Luke L. Wiley, CFP®, senior vice president of wealth management and senior portfolio manager at UBS Financial Services in Cincinnati, knew he wanted to leave a legacy behind for his four children. In addition, he wished to share within the investment community a rules-based mindset/strategy that could help improve investor outcomes. Combining these two desires, Wiley wrote The 52-Week Low Formula: A Contrarian Strategy that Lowers Risk, Beats the Market, and Overcomes Human Emotion.
“There’s a common misconception about my industry that we’re all the same. We all do the same things, we all give the same advice. That couldn’t be farther from the truth. This book helps explain to investors how we approach creating those outcomes, by inviting them into our detailed five-step process we have worked hard to create, test and improve over the years,” he says. We spoke with Wiley about the book, its success and writing more in the future.
How do you describe the book to a first-time reader?
It’s partially a reflection of how I think—I’m skeptical of conforming in all things, but especially conforming to investment trends—and it also examines the behavioral biases that influence the way we make decisions and a disciplined approach to overcoming those biases when it comes to making better investment choices.
This book is not about a quick-win or penny-stock myths; it’s a look into how the formula came to be and the logic behind it.
What’s an example that exemplifies the principles in the book?
Chapter 12 is titled, “The Importance of Embracing a Trailing 12-Month Return of -25 Percent.” The reason this chapter is my favorite is because I believe most investors do the exact opposite. Most investors will invest in a business whose trailing 12-month return is plus-25 percent because it feels good emotionally and because the majority of investors have a positive sentiment around the business. If the investor dictum is to buy low and sell high shouldn’t an investor look for businesses that are out of favor and have a negative sentiment around them?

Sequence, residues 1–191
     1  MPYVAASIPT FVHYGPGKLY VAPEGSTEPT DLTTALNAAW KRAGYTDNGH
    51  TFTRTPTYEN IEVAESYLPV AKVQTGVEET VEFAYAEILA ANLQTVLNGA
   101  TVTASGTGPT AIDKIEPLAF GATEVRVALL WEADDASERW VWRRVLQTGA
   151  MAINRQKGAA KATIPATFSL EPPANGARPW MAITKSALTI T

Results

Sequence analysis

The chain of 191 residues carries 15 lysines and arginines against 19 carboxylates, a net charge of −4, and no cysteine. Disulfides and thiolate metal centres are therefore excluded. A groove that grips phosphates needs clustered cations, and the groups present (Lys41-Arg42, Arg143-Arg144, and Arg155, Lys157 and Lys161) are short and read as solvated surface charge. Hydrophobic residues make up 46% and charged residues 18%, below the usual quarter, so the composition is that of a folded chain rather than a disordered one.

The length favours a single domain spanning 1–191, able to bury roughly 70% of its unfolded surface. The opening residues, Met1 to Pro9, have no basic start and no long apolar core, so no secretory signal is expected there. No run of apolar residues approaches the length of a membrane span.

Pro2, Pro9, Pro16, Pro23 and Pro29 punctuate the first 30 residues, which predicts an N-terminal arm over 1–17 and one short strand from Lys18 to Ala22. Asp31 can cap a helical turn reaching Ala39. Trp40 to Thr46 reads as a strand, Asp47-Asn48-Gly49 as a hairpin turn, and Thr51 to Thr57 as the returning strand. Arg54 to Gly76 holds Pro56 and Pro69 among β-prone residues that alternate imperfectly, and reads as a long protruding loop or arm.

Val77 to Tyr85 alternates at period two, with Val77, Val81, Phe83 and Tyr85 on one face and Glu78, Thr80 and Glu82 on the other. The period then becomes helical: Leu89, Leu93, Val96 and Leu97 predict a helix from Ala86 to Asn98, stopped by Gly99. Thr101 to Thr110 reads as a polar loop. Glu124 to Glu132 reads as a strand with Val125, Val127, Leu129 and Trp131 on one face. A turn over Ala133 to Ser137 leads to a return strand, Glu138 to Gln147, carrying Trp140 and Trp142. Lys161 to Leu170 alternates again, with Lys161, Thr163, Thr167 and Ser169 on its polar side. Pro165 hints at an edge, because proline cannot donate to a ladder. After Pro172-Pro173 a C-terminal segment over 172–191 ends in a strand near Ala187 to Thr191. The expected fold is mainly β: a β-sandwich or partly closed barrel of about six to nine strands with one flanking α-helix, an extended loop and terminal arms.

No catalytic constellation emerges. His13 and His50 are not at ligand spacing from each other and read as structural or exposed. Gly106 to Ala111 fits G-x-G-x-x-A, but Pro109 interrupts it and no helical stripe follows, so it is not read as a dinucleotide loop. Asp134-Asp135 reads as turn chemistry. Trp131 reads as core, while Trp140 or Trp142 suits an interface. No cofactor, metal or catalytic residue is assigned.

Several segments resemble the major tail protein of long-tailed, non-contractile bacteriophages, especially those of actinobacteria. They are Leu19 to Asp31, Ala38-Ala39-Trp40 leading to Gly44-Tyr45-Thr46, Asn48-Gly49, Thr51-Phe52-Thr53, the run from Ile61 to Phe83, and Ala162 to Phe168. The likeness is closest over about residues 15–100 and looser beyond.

What points do you hope readers take away?
I think the book is really going to open readers’ eyes to what I think is a better way of thinking. Some of the insights in the book can be applied to even non-investment decision-making. Instead of thinking all the ways to find out how to be a great father, ask yourself, “What are the five behaviors that, if performed, would not lead to a good outcome as a father?” Instead of asking, “What are the best ways to be a great investor?” ask, “What are the surest ways to destroy my wealth?” My hope is that the biggest take away from the book is that disciplined critical thinking will create better outcomes than emotional or responsive thinking.
What feedback have you received?
The experience has been quite amazing. Since the book’s release in April 2014 it has been a best-seller twice on Amazon within the wealth management section. In fact, my publisher shared with me that they are going to offer the book in the Japanese language due to the book’s interest in Japan.
Are you looking to write another book in the future? If so, what topic?
I have several ideas for my next book. One idea is a reference book for those individuals who want to overcome the self-defeating thoughts that can creep into all of our minds and limit our full potential. What I have realized in my life is that most of our own “proverbial walls of life” are elastic and can expand, or don’t exist at all.